• 28% of their costs: Ingredients, Packaging
  • 15% of their costs: Factory Labor

I think that answers all the questions about mismanagement.  It is a shame.  Cut out the waste and leave what only adds value for the consumer and I bet they would have made a ton of money.  I bet whoever buys the recipes will be more efficient and make a great profit from Hostess’ demise.

Happy Thanksgiving!

Image courtesy of David Castillo Dominici /

Today is Thanksgiving Day in the U.S.  A day to stop and give thanks for things in life.

I would like to pause and thank Joe Wilson for joining Beyond Lean this year as an author.  He has made great contributions.  Here are just a few of my favorites:

I also want to thank all the readers.  Without you, Beyond Lean wouldn’t be here.  Thanks for taking time out of your day to read what we post here.

Have a Happy Thanksgiving!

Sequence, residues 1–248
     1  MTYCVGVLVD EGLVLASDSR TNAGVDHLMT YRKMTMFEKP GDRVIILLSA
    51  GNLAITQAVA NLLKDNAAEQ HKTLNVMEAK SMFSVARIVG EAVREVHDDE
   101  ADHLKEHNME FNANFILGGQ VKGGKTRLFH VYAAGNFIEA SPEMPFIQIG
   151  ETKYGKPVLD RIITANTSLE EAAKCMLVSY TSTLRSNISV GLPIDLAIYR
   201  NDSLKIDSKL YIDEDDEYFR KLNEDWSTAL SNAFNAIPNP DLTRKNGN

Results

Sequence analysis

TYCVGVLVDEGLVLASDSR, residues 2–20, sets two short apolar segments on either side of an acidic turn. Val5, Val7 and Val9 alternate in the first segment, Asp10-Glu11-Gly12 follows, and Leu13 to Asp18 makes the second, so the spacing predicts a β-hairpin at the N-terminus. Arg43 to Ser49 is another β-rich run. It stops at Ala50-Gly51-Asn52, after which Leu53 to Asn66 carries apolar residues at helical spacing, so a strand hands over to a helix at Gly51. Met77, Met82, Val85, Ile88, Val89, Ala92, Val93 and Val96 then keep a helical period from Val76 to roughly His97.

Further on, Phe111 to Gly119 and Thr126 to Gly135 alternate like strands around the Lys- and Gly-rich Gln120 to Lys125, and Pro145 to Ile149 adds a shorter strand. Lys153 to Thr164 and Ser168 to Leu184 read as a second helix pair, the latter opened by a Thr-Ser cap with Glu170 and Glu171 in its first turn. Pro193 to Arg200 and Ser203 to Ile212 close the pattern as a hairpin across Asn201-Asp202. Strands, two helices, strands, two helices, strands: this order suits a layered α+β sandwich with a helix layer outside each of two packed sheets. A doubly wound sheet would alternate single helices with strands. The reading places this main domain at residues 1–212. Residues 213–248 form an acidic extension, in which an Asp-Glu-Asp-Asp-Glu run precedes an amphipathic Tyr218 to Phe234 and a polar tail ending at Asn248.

Listen to the Customer Input

The main tenet of lean is to deliver value for your customer.  The customer is someone that uses the product or service whether it is internal or external.  The customer helps to define if something is value added or not.  It is critically important to listen to the customer and understand their needs and how to deliver that value.

Sometimes the designer of the product/service can get too caught up in what they want to deliver to the customer or what they believe they need and miss what the customer needs.  When this happens the customer can become frustrated and will not adopt or use the product/service.  This leads to less credibility of the designer.  Over time people will go around or cut out the designer.

An example.  A group of designers build a process without input from the users of the process.  When rolled out the users don’t use the new process because it is not a process that can not be executed in reality.  The designers should have had the users of the process in the sessions helping to build the new process.  During this time, the designers should be listening to the users and asking questions to gain clarity of what would work not trying to convince the users of how they should work based on their thoughts.